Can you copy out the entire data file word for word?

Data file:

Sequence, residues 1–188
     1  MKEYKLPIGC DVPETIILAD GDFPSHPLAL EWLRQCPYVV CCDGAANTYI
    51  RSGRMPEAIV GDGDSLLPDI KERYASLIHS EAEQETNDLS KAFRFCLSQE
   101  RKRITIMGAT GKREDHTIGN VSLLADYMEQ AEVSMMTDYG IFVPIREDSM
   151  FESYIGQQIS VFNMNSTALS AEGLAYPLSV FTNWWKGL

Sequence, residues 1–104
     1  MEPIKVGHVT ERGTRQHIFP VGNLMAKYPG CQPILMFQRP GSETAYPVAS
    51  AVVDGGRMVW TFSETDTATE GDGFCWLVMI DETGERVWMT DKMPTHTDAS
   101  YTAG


Sequence, residues 1–188
     1  MKEYKLPIGC DVPETIILAD GDFPSHPLAL EWLRQCPYVV CCDGAANTYI
    51  RSGRMPEAIV GDGDSLLPDI KERYASLIHS EAEQETNDLS KAFRFCLSQE
   101  RKRITIMGAT GKREDHTIGN VSLLADYMEQ AEVSMMTDYG IFVPIREDSM
   151  FESYIGQQIS VFNMNSTALS AEGLAYPLSV FTNWWKGL

Sequence, residues 1–104
     1  MEPIKVGHVT ERGTRQHIFP VGNLMAKYPG CQPILMFQRP GSETAYPVAS
    51  AVVDGGRMVW TFSETDTATE GDGFCWLVMI DETGERVWMT DKMPTHTDAS
   101  YTAG